Anyone who’s driven U.S. Highway 12 across southeast Washington’s rolling terrain into Idaho will recognize at least some of the scenery in Kyle Laughlin’s photographs.
The Snake River flows through weathered basalt canyons, bronzed by the setting sun. Orchards flourish at the river’s edge. Anglers fish for salmon and steelhead, and kids frolic on sandy beaches.
The photos were shot before the four Lower Snake River dams were built in the 1960s and 1970s. While much of the landscape is familiar, the photos capture glimpses of the pre-dam river – before the orchards and beaches were flooded by rising reservoirs, and while salmon runs were still abundant.
Laughlin, who died in 1984, spent 50 years documenting the region through photographs. The Moscow, Idaho, photographer’s work is part of a slide show put together by conservation groups, which say the pictures offer a vision of what the Lower Snake could return to if the dams were removed to restore salmon runs.
“The river really speaks through these photos,” said Jerry White, Save Our Wild Salmon’s Snake River landscape coordinator. “They show the kind of potential that this river holds to be an asset for the region.”
For 20 years, scientists and politicians have debated breaching the dams to help restore salmon runs.
The debate was largely academic during the Bush years. During a 2003 campaign stop at Ice Harbor Dam, President George W. Bush said the dams would never be breached on his watch. Government agencies offered other solutions to bolster dwindling salmon runs, such as improving fish habitat and passage through the dams.
Now the federal salmon recovery plan is in court, challenged by environmental groups. During a hearing in early March, U.S. District Court Judge James Redden said he hasn’t ruled out the possibility of eliminating dams to restore the Snake River’s once-fabled salmon runs.
“I hope it’s never done, but that’s the last fallback,” the Associated Press quoted Redden as saying.
By publicizing the historic photos, Save Our Wild Salmon is encouraging people who live along the Lower Snake to ask “what if,” said Sam Mace, the group’s Inland Northwest project director.
“What if the dams came out?” she said.
How would grain that leaves Lewiston in barges get to Portland? How could better fish returns and a free-flowing river benefit tourism in Lewiston and Clarkston? How would electricity generated by the dams be replaced?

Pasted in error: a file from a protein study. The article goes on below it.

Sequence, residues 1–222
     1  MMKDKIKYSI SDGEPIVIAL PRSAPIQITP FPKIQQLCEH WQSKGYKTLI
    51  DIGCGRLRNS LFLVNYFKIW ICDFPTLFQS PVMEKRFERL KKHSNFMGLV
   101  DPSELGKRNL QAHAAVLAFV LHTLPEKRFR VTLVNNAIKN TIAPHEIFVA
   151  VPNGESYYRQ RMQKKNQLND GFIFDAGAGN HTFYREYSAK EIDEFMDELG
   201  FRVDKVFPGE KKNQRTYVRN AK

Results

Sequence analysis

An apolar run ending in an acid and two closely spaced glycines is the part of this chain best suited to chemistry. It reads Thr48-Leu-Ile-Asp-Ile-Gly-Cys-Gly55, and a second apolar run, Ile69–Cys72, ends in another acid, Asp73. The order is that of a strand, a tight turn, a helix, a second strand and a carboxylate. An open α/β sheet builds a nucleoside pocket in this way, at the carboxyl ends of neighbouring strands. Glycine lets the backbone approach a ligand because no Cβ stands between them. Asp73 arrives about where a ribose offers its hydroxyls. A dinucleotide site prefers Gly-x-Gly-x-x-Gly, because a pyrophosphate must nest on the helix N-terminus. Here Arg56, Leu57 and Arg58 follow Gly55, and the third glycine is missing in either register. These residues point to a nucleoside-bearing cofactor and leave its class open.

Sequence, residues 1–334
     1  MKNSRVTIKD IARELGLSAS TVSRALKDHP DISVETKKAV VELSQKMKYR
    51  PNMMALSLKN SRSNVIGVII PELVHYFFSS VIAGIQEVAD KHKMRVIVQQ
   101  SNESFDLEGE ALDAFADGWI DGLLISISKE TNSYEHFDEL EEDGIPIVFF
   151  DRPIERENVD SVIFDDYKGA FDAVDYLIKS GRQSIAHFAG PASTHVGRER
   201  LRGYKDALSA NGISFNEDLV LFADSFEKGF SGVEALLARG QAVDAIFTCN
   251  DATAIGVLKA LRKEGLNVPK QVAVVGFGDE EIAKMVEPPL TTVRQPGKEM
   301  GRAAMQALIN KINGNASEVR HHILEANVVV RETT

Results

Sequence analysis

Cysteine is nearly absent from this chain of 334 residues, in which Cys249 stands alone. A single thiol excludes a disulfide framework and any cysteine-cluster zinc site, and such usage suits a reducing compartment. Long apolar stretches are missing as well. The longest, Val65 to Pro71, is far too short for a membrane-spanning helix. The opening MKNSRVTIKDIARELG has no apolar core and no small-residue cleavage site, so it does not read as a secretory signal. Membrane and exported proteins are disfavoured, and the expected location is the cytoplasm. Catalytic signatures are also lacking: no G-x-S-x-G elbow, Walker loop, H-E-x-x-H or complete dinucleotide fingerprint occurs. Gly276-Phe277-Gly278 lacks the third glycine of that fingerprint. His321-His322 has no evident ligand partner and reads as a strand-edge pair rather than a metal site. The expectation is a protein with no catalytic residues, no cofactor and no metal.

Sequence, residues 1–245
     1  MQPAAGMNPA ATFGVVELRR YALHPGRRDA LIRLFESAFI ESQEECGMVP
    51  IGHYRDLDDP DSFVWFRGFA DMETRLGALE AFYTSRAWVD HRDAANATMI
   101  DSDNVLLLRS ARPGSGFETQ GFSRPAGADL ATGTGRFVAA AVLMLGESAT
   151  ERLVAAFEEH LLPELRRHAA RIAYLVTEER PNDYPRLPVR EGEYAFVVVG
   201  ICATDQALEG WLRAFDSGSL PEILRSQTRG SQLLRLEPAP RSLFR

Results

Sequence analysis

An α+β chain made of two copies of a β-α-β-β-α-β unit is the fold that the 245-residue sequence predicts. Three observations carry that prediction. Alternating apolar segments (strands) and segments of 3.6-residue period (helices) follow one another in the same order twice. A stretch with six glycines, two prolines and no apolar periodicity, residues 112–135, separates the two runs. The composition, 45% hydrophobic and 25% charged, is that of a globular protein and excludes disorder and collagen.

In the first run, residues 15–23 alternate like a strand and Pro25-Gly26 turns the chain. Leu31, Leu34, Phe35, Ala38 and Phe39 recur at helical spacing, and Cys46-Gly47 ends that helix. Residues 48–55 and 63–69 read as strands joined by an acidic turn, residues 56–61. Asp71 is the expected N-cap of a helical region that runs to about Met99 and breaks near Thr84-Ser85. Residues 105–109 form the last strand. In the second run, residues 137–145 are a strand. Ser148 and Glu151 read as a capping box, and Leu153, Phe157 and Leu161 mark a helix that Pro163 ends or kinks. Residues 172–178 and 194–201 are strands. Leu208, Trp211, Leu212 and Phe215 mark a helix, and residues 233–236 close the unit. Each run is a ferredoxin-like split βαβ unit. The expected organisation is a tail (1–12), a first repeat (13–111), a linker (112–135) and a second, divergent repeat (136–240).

“We want a river that works for people as well as salmon,” Mace said. “The energy piece is critical. We can’t replace the dams with polluting energy.”
However Redden rules, Lower Snake dam removal would face a rocky political path, said Tom Karier, the Eastern Washington representative of the Northwest Power and Conservation Council, which hasn’t taken a stance on dam-breaching.
“My understanding is that ordering the dams’ removal is not something a federal judge could do,” he said. “Breaching the dams would require a significant amount of money, and that would require an act of Congress.”
Climate change has upped the ante in the dam debate, Karier added.
“The dams have an impact on salmon runs, but they also don’t emit any carbon,” he said. “That’s the core of the conflict.”
Together, the four dams generate about 1,000 megawatts of electricity – enough to power Seattle, but still a relatively small slice of the Northwest’s overall energy needs. In a 2006 report, the Northwest Energy Coalition’s Steve Weiss said the lost electricity could be replaced through conservation and wind power. The coalition advocates for renewable energy and conservation.
But the 2006 report was criticized for underestimating the cost of replacement power. In a new report issued last week, Weiss said gas-fired turbines would be needed to replace the dams’ “peaking ability” – the flexibility dam operators have to increase output during cold snaps or hot spells, when energy use peaks from furnaces and air conditioners.
The Northwest Power and Conservation Council did its own study, using models that replaced the dams’ output with electricity from gas-fired turbines and coal plants. The models showed a net annual increase in carbon emissions of 3.6 million tons by 2024.
“As a region, we’re working hard to expand our renewable and carbon-free energy,” Karier said. “This would set back our progress.”
Mace, of Save Our Wild Salmon, argues that climate change strengthens the case for dam-breaching. Warmer stream temperatures are expected to take a heavy toll on salmon populations by reducing the amount of habitat in which the temperature-sensitive fish can survive.
Breaching the dams would remove barriers to “the largest intact piece of salmon habitat in the Lower 48,” Mace said. “Some of these salmon species spawn at 6,500 feet. Those streams are going to stay colder longer.”
Dustin Ahern’s family has lived in the Lewiston area for four generations. He’s a whitewater rafting guide and construction worker who also runs Citizens for Progress, an economic development group.
If the dams came out, the region would have to be “made whole,” Ahern said. “There’s a fair amount of business that uses the reservoir system on the Lower Snake.”
At 35, Ahern is too young to remember prolific salmon runs, but his grandmother does. She grew up during the Great Depression. Whenever the cupboard was bare, her dad would go fishing.
“To this day, she’s not terribly fond of eating salmon. … It was a sign that you were very poor,” Ahern said.
“Now, with wild salmon running $15 to $20 per pound, it’s kind of come full circle.”
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